But in a busy world, it can often be hard to fit in time to learn anything that isn’t essential. The only things learned are those that need to be. Everything beyond that is considered frivolous. Even those who do appreciate the practice of lifelong learning, can find it difficult to make the effort.

    Here are some tips for installing the habit of continuous learning:

    1. Always Have a Book

    It doesn’t matter if it takes you a year or a week to read a book. Always strive to have a book that you are reading through, and take it with you so you can read it when you have time.

    Just by shaving off a few minutes in-between activities in my day I can read about a book per week. That’s at least fifty each year.

    2. Keep a “To-Learn” List

    We all have to-do lists. These are the tasks we need to accomplish. Try to also have a “to-learn” list. On it you can write ideas for new areas of study.

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    Maybe you would like to take up a new language, learn a skill or read the collective works of Shakespeare. Whatever motivates you, write it down.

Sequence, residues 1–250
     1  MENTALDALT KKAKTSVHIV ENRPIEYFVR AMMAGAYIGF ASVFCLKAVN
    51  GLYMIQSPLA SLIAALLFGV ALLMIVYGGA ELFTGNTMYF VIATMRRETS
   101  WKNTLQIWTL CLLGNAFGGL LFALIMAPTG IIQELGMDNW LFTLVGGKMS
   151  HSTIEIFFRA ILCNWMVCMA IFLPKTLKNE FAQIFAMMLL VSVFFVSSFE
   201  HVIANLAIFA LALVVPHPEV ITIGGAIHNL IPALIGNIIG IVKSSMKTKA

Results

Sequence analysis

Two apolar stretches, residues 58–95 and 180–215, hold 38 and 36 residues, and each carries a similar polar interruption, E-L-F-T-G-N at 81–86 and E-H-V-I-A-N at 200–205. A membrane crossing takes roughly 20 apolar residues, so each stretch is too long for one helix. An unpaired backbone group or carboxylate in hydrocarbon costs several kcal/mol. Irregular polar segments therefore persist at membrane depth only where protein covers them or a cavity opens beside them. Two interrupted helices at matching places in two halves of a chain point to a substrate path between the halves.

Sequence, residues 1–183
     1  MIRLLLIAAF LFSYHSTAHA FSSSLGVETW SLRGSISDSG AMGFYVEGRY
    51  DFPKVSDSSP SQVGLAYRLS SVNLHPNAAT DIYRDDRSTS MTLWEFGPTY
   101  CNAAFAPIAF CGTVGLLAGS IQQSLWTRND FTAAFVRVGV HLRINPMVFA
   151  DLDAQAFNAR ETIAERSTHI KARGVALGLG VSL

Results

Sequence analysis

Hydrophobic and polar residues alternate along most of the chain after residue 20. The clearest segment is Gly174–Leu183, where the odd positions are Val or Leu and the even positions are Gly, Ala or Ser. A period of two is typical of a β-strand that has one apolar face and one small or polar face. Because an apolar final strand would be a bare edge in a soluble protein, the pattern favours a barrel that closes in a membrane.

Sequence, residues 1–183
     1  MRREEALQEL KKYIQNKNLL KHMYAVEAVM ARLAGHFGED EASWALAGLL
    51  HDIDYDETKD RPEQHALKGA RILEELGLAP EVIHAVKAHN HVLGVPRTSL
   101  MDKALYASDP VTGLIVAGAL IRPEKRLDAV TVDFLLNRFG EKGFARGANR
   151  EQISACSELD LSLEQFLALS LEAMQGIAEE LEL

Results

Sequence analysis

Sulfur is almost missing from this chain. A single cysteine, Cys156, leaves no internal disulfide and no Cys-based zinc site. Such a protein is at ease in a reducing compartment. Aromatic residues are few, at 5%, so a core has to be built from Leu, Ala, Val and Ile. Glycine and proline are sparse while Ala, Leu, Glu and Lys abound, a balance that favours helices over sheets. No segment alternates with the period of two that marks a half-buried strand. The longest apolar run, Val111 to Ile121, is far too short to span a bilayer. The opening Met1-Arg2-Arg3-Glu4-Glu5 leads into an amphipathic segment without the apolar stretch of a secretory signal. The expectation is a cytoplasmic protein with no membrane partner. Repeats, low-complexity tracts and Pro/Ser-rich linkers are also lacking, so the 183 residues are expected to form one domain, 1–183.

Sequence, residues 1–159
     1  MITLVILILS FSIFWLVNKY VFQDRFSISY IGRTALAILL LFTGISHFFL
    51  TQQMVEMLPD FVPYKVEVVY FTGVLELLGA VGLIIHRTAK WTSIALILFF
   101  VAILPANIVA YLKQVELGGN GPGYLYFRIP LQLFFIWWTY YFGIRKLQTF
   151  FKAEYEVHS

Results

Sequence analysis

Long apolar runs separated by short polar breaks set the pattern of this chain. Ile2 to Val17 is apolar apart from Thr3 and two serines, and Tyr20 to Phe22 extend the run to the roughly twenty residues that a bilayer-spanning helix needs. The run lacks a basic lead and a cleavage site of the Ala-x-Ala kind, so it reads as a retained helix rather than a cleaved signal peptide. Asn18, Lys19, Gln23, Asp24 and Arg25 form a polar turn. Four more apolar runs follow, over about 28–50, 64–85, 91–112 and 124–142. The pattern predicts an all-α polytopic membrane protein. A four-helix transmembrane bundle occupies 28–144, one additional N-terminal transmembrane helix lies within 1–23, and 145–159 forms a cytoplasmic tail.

3. Get More Intellectual Friends

    Start spending more time with people who think. Not just people who are smart, but people who actually invest much of their time in learning new skills. Their habits will rub off on you.

    Even better, they will probably share some of their knowledge with you.

    4. Guided Thinking

    Albert Einstein once said,

    “Any man who reads too much and uses his own brain too little falls into lazy habits of thinking.”

    Simply studying the wisdom of others isn’t enough, you have to think through ideas yourself. Spend time journaling, meditating or contemplating over ideas you have learned.

    5. Put it Into Practice

    Skill based learning is useless if it isn’t applied. Reading a book on C++ isn’t the same thing as writing a program. Studying painting isn’t the same as picking up a brush.

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    If your knowledge can be applied, put it into practice.

    In this information age, we’re all exposed to a lot of information, it’s important to re-learn how to learn so as to put the knowledge into practice.

    6. Teach Others

    You learn what you teach. If you have an outlet of communicating ideas to others, you are more likely to solidify that learning.

    Start a blog, mentor someone or even discuss ideas with a friend.

    7. Clean Your Input

    Some forms of learning are easy to digest, but often lack substance.

    I make a point of regularly cleaning out my feed reader for blogs I subscribe to. Great blogs can be a powerful source of new ideas. But every few months, I realize I’m collecting posts from blogs that I am simply skimming.